“Let the little children come to me.”

-Luke 18:16

When my daughter, Allison, was a child I wanted her to know that Jesus loves her and is there for her in good times and bad, but was puzzled about how best to go about it. One autumn afternoon, having arrived early to pick her up at Montessori school, I wandered through the open door of the staff break room. In a magazine for Montessori teachers I was excited to see an article entitled The Religious Potential of the Child, by Sofia Cavalletti. I quickly scanned the article, and then carried the magazine to the educational director to ask, “Do you know anything about this?” I was thrilled to hear her answer, “Yes.” She put me in touch with a former school parent, Tina Lillig. Tina invited me to join the first-ever regional training course for adults in the Catechesis of the Good Shepherd, a Montessori-based approach to children’s spirituality. I enrolled in the course and read Cavalletti’s book, The Religious Potential of the Child.

Disappointed that we would have to wait until the following fall to enroll Allison in a Good Shepherd program, I asked Tina what I could do at home. She recommended that I set up a prayer corner and begin the habit of daily prayer with Allison. On a wide ledge next to a window in our attic I laid out a white cloth napkin and a small votive candle. We lit the candle, cuddled, and said our own, very simple prayers. Gradually, we added a few seasonal decorations: a small vase with a flower, fall leaves and acorns, Christmas greenery, pictures, or other objects to create a sacred space. In a few years, the prayer table moved to a table in the living room, enlarging our daily experience of sacred space.

Anyone can create a sacred space at home, a place to pray and talk about Jesus. Set a small table with a pretty cloth and light a candle. Using an adult Bible (not a children’s Bible; more on that in another blog), read Psalm 23 slowly and out loud. Leave some time for silence, then choose one sentence or word and ask: what could this word or phrase mean? Instead of answering, wonder with your child about what the answers might be. Silence allows Jesus, the Inner Teacher, to speak to your hearts. If your child asks you a question, first ask her or him “What do you think?” You may be surprised at the wisdom of your child. Choosing one word or sentence will enable you to go deep together. Each sentence, each word of Scripture, is rich with meaning. Say a prayer together to close. With this approach, your contemplation of the 23rd psalm can last many days.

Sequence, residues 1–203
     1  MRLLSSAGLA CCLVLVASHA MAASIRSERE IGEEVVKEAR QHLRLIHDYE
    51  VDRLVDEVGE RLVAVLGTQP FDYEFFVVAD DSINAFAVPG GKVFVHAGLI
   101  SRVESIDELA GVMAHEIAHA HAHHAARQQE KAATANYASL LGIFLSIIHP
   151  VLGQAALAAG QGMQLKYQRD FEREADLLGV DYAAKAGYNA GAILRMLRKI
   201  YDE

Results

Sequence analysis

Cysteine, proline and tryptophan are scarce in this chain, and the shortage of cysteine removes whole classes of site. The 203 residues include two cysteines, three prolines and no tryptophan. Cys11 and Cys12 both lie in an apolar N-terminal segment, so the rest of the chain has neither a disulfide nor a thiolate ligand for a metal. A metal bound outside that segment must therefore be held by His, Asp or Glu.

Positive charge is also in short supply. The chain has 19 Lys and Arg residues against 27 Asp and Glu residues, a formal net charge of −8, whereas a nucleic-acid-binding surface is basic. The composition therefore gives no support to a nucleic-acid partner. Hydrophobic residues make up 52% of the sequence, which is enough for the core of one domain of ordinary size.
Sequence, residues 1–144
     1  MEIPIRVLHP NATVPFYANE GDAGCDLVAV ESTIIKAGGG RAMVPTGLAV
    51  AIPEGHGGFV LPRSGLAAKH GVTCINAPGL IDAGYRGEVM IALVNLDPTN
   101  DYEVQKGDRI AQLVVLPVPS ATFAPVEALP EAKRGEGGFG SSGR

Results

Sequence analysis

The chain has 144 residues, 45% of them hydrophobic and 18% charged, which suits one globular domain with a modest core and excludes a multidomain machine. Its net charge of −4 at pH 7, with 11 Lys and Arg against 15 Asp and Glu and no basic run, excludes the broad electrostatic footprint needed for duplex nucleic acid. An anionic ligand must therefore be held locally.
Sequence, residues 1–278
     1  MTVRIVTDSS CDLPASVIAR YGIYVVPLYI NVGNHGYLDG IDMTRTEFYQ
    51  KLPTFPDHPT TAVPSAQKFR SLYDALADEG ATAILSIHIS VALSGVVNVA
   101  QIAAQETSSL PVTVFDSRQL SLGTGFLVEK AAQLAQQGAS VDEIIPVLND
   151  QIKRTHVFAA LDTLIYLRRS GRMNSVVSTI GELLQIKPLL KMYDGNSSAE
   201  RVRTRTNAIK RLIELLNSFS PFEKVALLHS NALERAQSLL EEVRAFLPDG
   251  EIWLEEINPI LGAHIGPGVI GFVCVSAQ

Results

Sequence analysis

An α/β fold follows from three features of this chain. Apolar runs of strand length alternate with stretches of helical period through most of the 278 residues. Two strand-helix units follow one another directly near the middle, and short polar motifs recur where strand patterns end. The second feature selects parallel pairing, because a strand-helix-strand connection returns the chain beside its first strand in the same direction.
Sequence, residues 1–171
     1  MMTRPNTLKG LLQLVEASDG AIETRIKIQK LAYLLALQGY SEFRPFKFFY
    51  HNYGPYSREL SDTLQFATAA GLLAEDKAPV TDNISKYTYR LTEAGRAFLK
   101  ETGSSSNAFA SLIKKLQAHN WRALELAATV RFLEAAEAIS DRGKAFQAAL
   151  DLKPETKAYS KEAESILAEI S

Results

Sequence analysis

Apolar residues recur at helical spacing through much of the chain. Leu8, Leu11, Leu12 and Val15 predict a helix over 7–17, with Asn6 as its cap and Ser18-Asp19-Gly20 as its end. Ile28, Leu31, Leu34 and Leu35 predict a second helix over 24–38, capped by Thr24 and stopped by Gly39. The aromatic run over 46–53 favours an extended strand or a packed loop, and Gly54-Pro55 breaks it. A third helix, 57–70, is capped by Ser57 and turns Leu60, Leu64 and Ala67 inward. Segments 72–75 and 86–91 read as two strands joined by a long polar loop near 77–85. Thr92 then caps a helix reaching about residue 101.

My interactive app for the iPad, Who Are You, Jesus? brings Jesus’ message of love from the Bible to you and your child in a beautiful, engaging way that is easy to use. Touchscreen technology makes God’s message of love accessible to children of all abilities wherever they are. Who Are You, Jesus? adapts to children’s learning styles by enabling them to hear the words of Jesus and respond verbally or non-verbally, using a keyboard, speech-enabled dictation, and a built-in drawing capability. All the child’s responses are automatically saved and become their own, unique book about Jesus. Find it at whoareyoujesus.com

One year after I published Women’s Inspirational Daily Prayer, I published an app for the iPhone based on my book so that women could have the prayers at their fingertips.  I began writing this blog to share insights and and art that arise, in part, out of my experience coming closer to Jesus with children and adults in the Catechesis of the Good Shepherd.  Working on the women’s prayer app inspired me to create Who Are You, Jesus?  This blog is the first in a series entitled “Children and Adults Pray Together.”  I welcome your comments or questions. Please share this via email, or on Facebook, Pinterest, or Twitter, using the hashtag #WhoAreYouJesus. Like us on Facebook at http://www.Facebook.com/whoareyoujesus

Until next time . . .

Blessings! Suzanne

P.S. Learn more about the Catechesis of the Good Shepherd at cgsusa.org

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